The Apostle in Colossians says:

Colossians 4:14 Luke, the beloved physician, and Demas, greet you.

Colossians was written between 60 - 64 AD.  Demas is obviously in the presence of Paul as a friend and mentee.  I can imagine that when Paul was writing the letter that Demas yelled out, please tell the church at Colosse that I send greetings.  It was a close relationship.

In the letter written to the Paul's close friend, Philemon, the Apostle penned:

Philemon 1:23 - 24 There salute thee Epaphrus, my fellow prisoner in Christ Jesus; Marcus, Aritarchus, Demas, Lucas, my fellowlabourers.

Paul calls Demas a fellow-laborer.  According to Thayer's, this is defined as, "A companion in work."  They stood shoulder to shoulder in preaching the gospel of Jesus Christ to a lost world. 

The scripture that Demas is most known for was written in a letter to Timothy between 66 - 69 AD:

II Timothy 4:10 For Demas hath forsaken me, having loved this present world, and is departed unto Thessalonica...

Demas had been with or around the Apostle Paul for at least a few years.  In reading these scriptures, it would be easy to warn others of the decline of Demas.  We have no idea what happened after II Timothy.  Perhaps, he was a prodigal that found his way back.  But these scriptures should be convicting to us because it teaches we need to stay near to our pastors and build boundaries around ourselves to keep the darkness of the world from invading our life.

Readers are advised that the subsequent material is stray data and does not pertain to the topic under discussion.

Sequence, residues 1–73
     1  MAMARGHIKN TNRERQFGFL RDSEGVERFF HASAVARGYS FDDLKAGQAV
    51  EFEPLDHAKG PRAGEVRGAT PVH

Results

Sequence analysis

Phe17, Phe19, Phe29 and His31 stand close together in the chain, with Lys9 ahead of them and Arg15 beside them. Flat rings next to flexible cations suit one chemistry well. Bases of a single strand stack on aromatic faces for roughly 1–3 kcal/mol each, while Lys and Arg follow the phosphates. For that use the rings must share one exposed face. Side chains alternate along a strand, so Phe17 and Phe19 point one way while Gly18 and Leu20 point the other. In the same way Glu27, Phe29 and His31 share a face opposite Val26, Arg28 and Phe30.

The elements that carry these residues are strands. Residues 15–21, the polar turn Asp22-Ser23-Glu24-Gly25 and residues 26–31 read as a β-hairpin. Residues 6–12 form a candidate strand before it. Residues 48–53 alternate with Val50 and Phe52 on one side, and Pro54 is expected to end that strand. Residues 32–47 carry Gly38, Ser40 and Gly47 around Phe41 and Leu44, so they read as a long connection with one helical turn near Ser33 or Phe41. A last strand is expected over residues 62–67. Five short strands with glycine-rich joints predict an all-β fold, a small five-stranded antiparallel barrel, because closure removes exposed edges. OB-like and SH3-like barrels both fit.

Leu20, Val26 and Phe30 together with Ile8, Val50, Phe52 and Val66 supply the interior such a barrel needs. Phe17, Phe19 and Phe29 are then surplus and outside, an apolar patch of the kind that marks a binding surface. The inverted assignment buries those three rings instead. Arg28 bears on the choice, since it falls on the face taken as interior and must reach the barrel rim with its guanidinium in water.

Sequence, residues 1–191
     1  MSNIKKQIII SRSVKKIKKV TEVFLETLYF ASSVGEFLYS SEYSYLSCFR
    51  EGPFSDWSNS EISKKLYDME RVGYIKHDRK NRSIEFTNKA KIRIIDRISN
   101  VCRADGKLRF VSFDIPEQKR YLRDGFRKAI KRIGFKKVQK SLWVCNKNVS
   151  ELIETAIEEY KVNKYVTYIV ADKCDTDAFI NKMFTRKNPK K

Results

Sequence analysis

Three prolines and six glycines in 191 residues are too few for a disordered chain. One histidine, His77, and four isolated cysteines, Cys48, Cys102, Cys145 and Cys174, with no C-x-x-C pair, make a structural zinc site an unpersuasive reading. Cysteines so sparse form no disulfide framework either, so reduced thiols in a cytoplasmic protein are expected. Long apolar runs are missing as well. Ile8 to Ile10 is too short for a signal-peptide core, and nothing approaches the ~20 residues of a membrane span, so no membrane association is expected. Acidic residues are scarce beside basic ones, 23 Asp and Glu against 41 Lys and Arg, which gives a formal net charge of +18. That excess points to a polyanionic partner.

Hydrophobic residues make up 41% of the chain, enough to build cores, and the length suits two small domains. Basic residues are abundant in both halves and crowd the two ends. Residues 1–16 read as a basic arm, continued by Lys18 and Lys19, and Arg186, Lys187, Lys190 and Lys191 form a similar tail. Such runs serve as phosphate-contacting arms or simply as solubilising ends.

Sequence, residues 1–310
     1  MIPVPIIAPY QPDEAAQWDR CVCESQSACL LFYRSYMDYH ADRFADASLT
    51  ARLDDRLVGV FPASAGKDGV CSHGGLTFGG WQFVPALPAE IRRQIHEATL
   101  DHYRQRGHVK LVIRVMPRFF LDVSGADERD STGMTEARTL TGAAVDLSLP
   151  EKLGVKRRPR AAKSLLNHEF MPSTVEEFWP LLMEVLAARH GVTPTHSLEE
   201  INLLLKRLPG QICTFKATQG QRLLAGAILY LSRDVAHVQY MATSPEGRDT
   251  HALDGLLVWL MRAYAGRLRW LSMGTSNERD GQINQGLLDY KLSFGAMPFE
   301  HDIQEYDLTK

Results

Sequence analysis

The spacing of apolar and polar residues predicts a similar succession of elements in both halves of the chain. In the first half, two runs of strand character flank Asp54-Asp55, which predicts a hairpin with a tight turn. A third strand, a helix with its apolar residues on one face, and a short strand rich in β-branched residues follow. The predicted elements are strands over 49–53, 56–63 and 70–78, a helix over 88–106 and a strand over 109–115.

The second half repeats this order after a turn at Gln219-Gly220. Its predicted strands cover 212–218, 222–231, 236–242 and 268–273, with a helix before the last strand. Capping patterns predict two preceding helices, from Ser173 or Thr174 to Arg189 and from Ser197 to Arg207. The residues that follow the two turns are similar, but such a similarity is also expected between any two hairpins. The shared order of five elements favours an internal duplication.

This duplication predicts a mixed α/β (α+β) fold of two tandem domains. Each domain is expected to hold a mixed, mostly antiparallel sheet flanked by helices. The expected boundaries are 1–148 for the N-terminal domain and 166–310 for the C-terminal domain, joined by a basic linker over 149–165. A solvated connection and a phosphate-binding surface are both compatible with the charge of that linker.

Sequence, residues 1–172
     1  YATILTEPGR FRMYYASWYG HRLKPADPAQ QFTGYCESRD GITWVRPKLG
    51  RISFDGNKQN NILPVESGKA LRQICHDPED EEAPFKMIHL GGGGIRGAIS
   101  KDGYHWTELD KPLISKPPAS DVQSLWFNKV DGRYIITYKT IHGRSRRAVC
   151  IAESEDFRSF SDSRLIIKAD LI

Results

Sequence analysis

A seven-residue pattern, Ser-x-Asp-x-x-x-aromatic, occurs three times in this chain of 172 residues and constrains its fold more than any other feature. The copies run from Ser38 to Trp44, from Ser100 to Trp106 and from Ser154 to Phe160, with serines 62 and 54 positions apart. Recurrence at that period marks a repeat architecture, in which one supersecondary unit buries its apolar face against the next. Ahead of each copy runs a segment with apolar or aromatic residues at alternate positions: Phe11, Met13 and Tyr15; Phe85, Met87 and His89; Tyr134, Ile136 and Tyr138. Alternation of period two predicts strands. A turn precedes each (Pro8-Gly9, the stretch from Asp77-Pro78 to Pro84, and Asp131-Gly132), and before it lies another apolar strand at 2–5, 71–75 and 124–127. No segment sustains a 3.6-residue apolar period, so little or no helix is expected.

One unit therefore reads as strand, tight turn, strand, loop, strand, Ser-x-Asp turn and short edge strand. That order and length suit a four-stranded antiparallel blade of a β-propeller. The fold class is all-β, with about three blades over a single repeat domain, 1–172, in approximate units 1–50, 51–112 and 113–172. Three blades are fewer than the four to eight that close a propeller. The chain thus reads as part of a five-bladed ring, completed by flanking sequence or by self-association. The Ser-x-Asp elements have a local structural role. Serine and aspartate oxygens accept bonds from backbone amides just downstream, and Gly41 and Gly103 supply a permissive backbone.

Demas was a promising preacher working with the Apostle Paul.  His name defines him as a leader, but he walked away from the things of God because he loved the things of the world more. 

A guy named Demas lost his way so I challenge you to look in the mirror, check your priorities and stay near your pastor.  I am.